29. Karen Szymusiak

    George,
    Great list of qualities of a master teacher. So many teachers exemplify this list. I would add listen, observe and learn from children. I also think a master teacher is reflective.

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  32. Jill

    You have really captured the qualities of a Master Teacher. Just as we know that defining the learning target helps our students' learning, knowing what it takes to be a Master Teacher aids us in our quest for that designation. You wisely noted that none of us will ever be perfect, but we can certainly aim for that!

    When I reflect on the years when my professional growth has gotten me closer to the mastery level, I appreciate the vision that my principal had. She placed me with colleagues who would shore up my weaknesses and allow me to bolster theirs. Opportunities for growth were offered through cross grade level committees also. I think it is imperative that the instructional leader in a school fosters these growth opportunities and consistently evaluates needs among the staff. Growth never ends with a wise leader at the helm. The closer we are to mastering our craft the better off our students will be, right?

  33. G Murray

    The terms Master Teacher and Principal were once synonymous. If the above is indeed the definition of today's Master Teacher, then the relationship between the two terms no longer exists, as this definition does not match up very well with many in school administrators in today's schools.

    An unfortunate turn of events in the evolution of education.

    1. georgecouros

      Thanks for your comment Graham…maybe the term should be Master Educator? I agree with you that the principal should also hold these same qualities.

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  40. dickvelner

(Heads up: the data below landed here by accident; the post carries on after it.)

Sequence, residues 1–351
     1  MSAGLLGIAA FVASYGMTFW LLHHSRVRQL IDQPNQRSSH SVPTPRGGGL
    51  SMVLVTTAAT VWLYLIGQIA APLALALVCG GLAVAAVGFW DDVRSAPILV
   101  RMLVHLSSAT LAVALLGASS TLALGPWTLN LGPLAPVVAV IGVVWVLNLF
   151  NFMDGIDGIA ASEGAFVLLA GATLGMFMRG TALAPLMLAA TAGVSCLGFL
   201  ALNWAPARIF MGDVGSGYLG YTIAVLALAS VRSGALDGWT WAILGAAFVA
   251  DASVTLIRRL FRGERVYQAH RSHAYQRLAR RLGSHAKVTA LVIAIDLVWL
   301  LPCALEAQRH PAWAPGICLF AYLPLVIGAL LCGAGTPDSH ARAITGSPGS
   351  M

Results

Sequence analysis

Great post. When I see teachers responding to the thoughts here, my energies are re-charged. I will continue pursuing my ideas for the Russian School of Mathematics.

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  44. Paul Huebl

    I'm a big fan of teaching the student first. It ties in so closely with #5 – learning is a social function, so the creation of a social learning environment is vital. Great post.

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  46. Maurizio Vespa

    I thoroughly enjoyed reading this post. Point number one is critical. If teachers are unable to connect with kids then the rest becomes even more difficult. After 31 years of teaching children, one understands that "children learn teachers, before they learn subjects". The many replies to this post are just as inspiring. It is great to read the responses of passionate educators.

  47. Sam Boswell

    Insightful discussion on a hot topic – I am wary as I read, though, that defining "mastery" becomes another set of benchmarks to judge our teaching arts, and to provoke trepidation in novices. How can anyone measure up?

    As a leading learner in my school with 23 years of teaching experience, and a novice in the field of studying towards my Master's degree, I feel more comfortable with the term "master learner".

    I am on the path you advocate so clearly, but with sufficient humility to maintain a beginner's mind.

    Thanks for sharing your wisdom on this topic (I really have been inspired by your workshop last Friday @ Hampton SHS in Perth!).

    1. Tracy Caravella

      Wow, I was energized while reading your post and agree with you 100%. I’ve been teaching for 27 years… there is sooooo much to learn. The phrase “master learner” is so appropriate for people in our profession to aspire to become and it captures the importance of having a “growth mindset”. Thank you!

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  53. Clementina

    I want to know the definition of a Master Teacher. I got one that says: a master teacher is one who demonstrates excellence inside and outside of the classroom through consistent leadership and focused collaboration to maximise student learning. Does this definition embody a master teacher?

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  55. Chris Davis

    I come come from a long line of public school teachers and have, also, been involved in the homeschooling movement for 30 years. Now I substitute teach in public schools and wonder about their future viability. Men like Ken Robinson preach treating students as individuals; yet, with the financial constraints of school systems (which necessitates standardization) I see public schooling doing little more than nibble around the edges as it tries to find a reason to exist (other than the fact that parents insist that someone else takes responsibility for their child’s education). Almost every premise on which public education rests is wrong. Students know the Emperor is naked yet no one is allowed to say so.